Vandersloot, exactly what Chicago is missing

 

By Nicholas LeTourneau

 

The Sky sport a .500 record in large part because of the play of Allie Quigley and rookie Diamond DeShields. But when Quigley went down with a strained hip, it looked like Chicago might be in trouble. Thankfully, Courtney Vandersloot came back at the perfect time.

 Photo: Associated Press

Photo: Associated Press

Vandersloot has long been the glue that holds things together for Chicago ever since she was picked third overall by them out of Gonzaga in 2011. She has been an All-Star, an All-WNBA performer, twice led the league in assists and played a crucial role in leading Chicago to the 2014 Finals.

This season, her presence and passing is needed more than ever with the addition of DeShields. Having someone to pace the team and a steady hand to distribute the ball is going to be very important.

In a short sample size so far this season, Vandersloot has looked pretty good. In two games played she is averaging 15 points, 8 assists, 2.5 rebounds and 1 block per game. In her first game back against the Sun, she looked to still be adjusting to her teammates. She was responsible for 8 turnovers against Connecticut, but in the following matchup against Las Vegas, Vandersloot looked more like her old self. She ended the game with 19 points, 9 assists, 3 rebounds, 1 steal, 1 block and only 2 turnovers while shooting 55 percent from the floor and 66 percent from deep.

While Vandersloot’s scoring will be a welcomed addition, especially with Quigley out of the lineup, her veteran vision and passing is what could really put this lineup over to the next level. According to Synergy, over 48 percent of Chicago’s offense is created off of spot up, transition, off the cut, and off screens — all looks that generally come off of assists.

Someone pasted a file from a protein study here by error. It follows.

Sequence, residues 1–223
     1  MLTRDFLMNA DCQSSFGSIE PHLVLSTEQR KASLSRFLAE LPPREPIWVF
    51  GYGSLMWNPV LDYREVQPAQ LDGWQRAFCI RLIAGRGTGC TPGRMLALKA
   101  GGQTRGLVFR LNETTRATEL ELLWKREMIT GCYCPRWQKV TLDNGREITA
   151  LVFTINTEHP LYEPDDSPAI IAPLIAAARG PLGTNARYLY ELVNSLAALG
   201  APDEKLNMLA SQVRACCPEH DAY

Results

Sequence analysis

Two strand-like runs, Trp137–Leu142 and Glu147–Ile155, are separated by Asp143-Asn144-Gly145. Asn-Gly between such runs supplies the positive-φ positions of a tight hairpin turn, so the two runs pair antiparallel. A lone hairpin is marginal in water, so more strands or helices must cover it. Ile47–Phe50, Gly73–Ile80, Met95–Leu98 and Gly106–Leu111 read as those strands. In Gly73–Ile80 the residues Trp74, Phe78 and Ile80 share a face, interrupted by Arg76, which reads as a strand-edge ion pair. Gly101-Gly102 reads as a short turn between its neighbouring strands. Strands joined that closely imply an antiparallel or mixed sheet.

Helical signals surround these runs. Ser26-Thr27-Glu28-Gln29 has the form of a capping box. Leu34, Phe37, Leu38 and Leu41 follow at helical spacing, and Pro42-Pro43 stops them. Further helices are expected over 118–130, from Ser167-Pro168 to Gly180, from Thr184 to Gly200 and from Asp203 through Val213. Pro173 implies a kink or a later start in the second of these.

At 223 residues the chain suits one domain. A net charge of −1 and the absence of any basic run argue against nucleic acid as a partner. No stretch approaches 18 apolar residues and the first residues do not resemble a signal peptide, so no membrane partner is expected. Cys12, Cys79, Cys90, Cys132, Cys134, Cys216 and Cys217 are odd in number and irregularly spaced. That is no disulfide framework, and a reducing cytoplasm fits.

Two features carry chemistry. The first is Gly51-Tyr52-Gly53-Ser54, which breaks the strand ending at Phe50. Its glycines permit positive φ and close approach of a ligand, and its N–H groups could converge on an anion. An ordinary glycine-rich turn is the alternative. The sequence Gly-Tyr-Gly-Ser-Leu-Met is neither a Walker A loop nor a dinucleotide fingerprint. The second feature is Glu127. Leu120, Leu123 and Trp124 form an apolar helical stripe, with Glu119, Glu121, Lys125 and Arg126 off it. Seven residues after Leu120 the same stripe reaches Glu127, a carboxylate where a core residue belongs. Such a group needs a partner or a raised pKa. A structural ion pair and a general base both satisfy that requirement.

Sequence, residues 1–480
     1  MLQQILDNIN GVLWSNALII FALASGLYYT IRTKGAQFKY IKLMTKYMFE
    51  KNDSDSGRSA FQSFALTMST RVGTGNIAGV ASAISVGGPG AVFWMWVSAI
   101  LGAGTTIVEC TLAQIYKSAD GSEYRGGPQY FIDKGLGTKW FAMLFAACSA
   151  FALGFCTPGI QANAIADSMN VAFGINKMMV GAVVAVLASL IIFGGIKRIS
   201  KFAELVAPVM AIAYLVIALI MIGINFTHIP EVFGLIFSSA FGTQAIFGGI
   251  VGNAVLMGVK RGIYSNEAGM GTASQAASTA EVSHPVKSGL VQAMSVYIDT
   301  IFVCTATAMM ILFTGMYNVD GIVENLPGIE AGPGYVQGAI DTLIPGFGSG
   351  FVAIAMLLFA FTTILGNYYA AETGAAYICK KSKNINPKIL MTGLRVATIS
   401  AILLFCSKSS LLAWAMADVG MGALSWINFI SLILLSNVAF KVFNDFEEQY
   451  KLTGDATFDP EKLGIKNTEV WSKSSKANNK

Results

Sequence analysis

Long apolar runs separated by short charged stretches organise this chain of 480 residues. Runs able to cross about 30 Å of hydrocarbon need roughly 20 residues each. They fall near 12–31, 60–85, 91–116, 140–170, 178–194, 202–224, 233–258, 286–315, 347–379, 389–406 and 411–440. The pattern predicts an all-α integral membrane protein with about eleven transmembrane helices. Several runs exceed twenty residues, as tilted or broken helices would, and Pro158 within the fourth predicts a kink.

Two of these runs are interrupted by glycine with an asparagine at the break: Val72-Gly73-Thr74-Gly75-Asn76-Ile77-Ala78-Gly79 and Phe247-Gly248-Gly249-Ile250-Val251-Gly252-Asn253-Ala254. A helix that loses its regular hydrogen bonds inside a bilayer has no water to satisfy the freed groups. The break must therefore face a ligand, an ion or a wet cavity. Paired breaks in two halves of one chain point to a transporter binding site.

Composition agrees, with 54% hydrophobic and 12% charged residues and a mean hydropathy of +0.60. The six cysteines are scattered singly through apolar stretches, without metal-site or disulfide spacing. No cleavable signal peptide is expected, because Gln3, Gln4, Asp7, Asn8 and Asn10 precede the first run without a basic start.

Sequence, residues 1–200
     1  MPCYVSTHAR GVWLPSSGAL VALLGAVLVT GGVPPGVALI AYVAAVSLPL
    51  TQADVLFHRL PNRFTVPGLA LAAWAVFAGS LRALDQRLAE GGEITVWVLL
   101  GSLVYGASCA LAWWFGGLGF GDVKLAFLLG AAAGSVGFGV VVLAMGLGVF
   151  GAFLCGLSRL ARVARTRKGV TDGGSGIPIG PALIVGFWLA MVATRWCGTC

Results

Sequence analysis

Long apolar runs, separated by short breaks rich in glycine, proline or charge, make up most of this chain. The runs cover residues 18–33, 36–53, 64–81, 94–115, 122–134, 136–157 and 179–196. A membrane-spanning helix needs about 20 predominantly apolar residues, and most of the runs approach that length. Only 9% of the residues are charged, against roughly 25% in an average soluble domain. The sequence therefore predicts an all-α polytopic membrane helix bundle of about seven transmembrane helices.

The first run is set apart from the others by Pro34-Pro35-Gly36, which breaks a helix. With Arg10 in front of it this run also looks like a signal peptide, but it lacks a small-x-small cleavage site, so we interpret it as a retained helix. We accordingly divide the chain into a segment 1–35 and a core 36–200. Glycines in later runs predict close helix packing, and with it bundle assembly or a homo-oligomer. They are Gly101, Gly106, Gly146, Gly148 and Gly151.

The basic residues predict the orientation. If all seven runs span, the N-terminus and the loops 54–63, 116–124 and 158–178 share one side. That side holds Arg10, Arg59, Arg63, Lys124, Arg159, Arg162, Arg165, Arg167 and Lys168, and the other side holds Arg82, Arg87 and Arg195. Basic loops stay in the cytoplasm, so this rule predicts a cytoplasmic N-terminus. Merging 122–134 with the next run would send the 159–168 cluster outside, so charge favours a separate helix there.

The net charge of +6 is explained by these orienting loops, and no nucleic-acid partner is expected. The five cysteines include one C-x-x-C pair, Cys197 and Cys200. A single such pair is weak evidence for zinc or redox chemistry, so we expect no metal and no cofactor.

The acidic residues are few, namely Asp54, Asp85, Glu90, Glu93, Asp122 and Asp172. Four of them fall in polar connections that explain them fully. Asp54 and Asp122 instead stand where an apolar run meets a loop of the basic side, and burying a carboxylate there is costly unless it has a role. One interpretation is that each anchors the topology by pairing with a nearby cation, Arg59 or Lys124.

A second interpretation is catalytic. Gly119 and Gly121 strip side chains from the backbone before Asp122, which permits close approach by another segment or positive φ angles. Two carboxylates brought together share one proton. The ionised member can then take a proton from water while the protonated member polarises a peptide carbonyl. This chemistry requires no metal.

Spot up looks account for the most of these four shot types as Chicago generates 18.3 percent of their offense from it. With six games under their belt, the Sky are converting these attempts at a rate that is below league average but that should vastly improve with Vandersloot in the lineup distributing shots.

DeShields currently accounts for most of these looks, taking around 20 percent of the spot up attempts and hits on them around 41 percent of the time. When three-pointers are factored in, DeShields has an adjusted field goal percentage of just a hair under 53 percent. I fully expect this type of shot to only improve as Vandersloot assimilates with the team more.

Transition attempts are the next highest percentage of looks this team gets, with it accounting for 13 percent of the offense. The Sky are a top four team in the league when it comes to scoring in transition, scoring 1.216 points per possession and converting almost 63 percent of their attempts. Vandersloot’s passing will also help this cause.

This is another area that DeShields has a huge impact in. Currently, she accounts for 31.1 percent of the Sky’s transition attempts and scores almost 5 points per game from transition baskets alone. Whether it is on completed baskets or free throws, when DeShields is running down the floor, she scores over 65 percent of the time.

Baskets off the cut and off screens combine for 16.8 percent of the offense in Chicago, two things that are directly related to passing/assists in addition to having players that can knock down shots or move without the ball in their hands. The Sky rank fourth and second in scoring off the cut and off screens, relying heavily on a number of players off the cut while off screen scoring has been dominated by the injured Quigley. Gabby Williams, Alaina Coats and Stefanie Dolson combine for almost 59 percent of the attempts off the cut while Quigley alone accounts for 35 percent of the production off screens. DeShields is second in productions off screens but only knocks down 33 percent of her attempts.

The integration of Vandersloot into this core of players will help everyone. Her vision is pretty much second to none and has improved on her assists totals per game every single year she’s been in the WNBA. The Sky are 3-3 but all that means is they truly control their own fate. Only Washington and Connecticut have a better record in the East right now. Vandersloot’s return and presence on this team couldn’t be more perfect. The Sky got along alright without her and their weaknesses are all things that are her strengths. She balances the roster and gives them a fighting chance to be one of the top teams in the East.